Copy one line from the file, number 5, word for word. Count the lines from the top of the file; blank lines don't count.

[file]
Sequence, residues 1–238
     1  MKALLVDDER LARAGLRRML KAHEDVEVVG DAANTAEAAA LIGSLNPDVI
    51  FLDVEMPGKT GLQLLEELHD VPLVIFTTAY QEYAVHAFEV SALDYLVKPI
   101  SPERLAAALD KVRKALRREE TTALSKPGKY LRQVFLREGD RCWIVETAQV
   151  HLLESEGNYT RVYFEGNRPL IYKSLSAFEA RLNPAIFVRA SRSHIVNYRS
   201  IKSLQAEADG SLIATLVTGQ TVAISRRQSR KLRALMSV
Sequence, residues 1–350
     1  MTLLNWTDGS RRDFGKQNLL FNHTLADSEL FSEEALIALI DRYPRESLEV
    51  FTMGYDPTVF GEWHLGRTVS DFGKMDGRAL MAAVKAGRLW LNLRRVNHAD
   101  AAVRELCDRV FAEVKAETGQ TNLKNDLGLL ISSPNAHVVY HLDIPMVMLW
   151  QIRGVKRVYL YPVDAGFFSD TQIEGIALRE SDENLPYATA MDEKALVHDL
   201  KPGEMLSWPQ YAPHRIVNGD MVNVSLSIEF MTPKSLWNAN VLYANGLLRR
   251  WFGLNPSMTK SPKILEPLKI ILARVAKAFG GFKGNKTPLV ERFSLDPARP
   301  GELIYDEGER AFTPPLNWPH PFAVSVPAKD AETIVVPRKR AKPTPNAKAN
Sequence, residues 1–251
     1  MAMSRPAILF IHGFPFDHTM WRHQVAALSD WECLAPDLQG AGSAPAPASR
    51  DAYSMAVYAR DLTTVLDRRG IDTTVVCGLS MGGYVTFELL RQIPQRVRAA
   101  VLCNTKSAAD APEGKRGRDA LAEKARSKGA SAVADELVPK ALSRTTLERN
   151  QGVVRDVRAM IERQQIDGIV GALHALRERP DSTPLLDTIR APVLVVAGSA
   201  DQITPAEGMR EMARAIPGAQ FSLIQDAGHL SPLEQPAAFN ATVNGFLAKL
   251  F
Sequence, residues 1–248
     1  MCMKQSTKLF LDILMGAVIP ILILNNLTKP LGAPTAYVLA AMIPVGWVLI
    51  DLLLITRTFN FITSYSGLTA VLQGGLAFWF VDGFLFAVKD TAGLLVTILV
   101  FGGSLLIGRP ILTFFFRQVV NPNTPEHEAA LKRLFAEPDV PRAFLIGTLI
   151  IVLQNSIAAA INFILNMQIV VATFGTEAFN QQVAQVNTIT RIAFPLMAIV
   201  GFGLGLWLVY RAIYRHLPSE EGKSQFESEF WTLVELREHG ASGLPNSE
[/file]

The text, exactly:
   151  HLLESEGNYT RVYFEGNRPL IYKSLSAFEA RLNPAIFVRA SRSHIVNYRS